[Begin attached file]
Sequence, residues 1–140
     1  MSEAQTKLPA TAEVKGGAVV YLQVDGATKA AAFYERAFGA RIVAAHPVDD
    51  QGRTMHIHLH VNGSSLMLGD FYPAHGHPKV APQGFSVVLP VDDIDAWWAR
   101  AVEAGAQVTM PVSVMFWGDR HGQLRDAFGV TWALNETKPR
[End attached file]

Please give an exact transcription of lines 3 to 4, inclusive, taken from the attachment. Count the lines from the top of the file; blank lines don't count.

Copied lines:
    51  QGRTMHIHLH VNGSSLMLGD FYPAHGHPKV APQGFSVVLP VDDIDAWWAR
   101  AVEAGAQVTM PVSVMFWGDR HGQLRDAFGV TWALNETKPR